The Chicago Tribune slammed its hometown hero in a Monday editorial: “The American public is having a credibility-shattering debate about the president: Did he not bother to learn the details of the law before he told us we could keep our doctors and our insurance, or did he know the truth and flat-out lie?”
Perhaps a better question: Why did this same Chicago Tribune editorial board endorse this accused liar or dilettante – twice? Now, the paper proclaims “It was a mistake to attempt such a massive government intrusion on a marketplace and a mistake to do so without anything close to a public consensus.” So why in 2012 did they write this?
Bolstered by his steadiness in office, cognizant of the vast unfinished business before him, we endorse the re-election of Barack Obama.
We do so with a plea to Obama and to Romney.
One of these decades, the children in which we now invest our hope, and our love, will speak with today’s adults about the America that we bequeathed to them. They will praise us for avoiding the financial ravages they watch other nations endure. Or they will condemn us for living ruinously beyond our means and forcing the enormous payback onto them -- a criminal act no previous American generation has committed against those that came next.
If the Tribune cared so passionately about debt reduction, how on Earth could they look at Obama’s largest deficits in American history and say “Yes, more of that!” In fact, the Tribune’s endorsement in 2012 reads like some executive at the Tribune Company headquarters made them do it. This is the only place Obamacare surfaced:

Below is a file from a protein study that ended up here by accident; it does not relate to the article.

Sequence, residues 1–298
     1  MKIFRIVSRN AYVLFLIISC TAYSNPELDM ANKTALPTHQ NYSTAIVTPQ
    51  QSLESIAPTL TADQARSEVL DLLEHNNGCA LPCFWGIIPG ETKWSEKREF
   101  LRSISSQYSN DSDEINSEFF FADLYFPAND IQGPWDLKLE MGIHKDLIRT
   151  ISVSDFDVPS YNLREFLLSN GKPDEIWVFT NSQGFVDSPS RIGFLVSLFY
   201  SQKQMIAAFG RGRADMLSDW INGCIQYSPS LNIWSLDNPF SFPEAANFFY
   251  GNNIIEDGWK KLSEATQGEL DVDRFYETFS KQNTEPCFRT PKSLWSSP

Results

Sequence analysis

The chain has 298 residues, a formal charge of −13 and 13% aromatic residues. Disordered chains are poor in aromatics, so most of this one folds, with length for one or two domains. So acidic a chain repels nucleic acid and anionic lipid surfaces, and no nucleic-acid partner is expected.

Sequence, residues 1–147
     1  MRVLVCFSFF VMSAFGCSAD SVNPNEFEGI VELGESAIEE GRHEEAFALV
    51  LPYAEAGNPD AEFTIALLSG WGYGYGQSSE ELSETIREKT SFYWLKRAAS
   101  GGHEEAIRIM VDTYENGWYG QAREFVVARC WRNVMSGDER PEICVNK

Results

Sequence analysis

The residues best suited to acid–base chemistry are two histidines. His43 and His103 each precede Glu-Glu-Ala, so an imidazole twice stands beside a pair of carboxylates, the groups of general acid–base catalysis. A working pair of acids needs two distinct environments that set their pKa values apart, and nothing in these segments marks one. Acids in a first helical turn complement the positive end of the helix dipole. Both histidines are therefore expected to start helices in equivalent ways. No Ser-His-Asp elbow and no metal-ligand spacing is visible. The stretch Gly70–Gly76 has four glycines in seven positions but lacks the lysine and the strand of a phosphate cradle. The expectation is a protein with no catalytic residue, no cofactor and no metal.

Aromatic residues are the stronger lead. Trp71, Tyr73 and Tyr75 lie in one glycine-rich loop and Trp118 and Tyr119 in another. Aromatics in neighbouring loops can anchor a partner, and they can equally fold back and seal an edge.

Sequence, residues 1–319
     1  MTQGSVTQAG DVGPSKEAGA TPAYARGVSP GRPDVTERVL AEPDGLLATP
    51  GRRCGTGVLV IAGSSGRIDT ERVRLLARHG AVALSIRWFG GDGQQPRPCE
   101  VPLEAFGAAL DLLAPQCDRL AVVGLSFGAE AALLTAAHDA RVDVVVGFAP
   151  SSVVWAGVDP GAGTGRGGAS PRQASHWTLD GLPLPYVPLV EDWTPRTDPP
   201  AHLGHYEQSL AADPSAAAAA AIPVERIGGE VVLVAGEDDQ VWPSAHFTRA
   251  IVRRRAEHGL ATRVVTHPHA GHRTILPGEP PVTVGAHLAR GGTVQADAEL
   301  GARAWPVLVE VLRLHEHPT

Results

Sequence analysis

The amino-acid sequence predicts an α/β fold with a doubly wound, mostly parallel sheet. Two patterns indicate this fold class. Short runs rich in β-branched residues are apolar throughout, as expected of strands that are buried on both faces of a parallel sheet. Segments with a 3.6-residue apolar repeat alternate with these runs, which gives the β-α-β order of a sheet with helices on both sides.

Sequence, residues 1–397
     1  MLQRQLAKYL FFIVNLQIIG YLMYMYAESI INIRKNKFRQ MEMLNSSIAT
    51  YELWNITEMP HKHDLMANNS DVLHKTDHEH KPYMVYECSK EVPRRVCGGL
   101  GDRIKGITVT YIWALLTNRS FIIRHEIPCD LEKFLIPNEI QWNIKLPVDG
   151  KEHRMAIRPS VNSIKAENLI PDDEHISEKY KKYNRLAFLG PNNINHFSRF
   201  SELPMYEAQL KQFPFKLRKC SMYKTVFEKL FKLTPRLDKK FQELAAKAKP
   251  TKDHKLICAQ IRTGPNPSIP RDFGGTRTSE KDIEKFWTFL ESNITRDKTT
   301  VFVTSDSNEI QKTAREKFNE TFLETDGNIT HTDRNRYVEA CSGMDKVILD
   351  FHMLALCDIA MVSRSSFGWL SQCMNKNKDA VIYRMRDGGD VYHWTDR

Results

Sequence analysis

We have hammered the White House repeatedly for its failure to forge some path to a less indebted American citizenry. Yes, Republicans were obstructionists in Obama's second two years. But before that Obama had two years with a Democratic Congress and he chose to focus on Obamacare, a program whose wisdom we have questioned and whose cost estimates have swiftly grown.
The Tribune crew tried to argue that Obama gave America the best chance of a "Go Big" debt-reduction deal. As if Obama would agree to any cuts in entitlement programs? Again, what in Obama's history in national politics gave the Tribune any cause for optimism on that front?
Now, these confused editorialists are comparing Obamacare to the Manhattan Project -- the project to create a nuclear bomb:
The odds against a fundamental restructuring of the law are steep, given the deep distrust Republicans and Democrats have for each other. But that's what will be needed. A bold reboot, a Manhattan Project for health care reform that starts fresh with some basic principles.
That's a very strange metaphor for a health-care proposal. Perhaps they should take some sort of medication to avoid their political and economic schizophrenia. Their call for "basic principles" doesn't make any sense, since they professed to hate debt and then re-endorsed Obama. The Obama people may want to remind these high-minded Tribune people against debt that their Tribune Company is most recently known for "the largest bankruptcy in the history of the American media industry."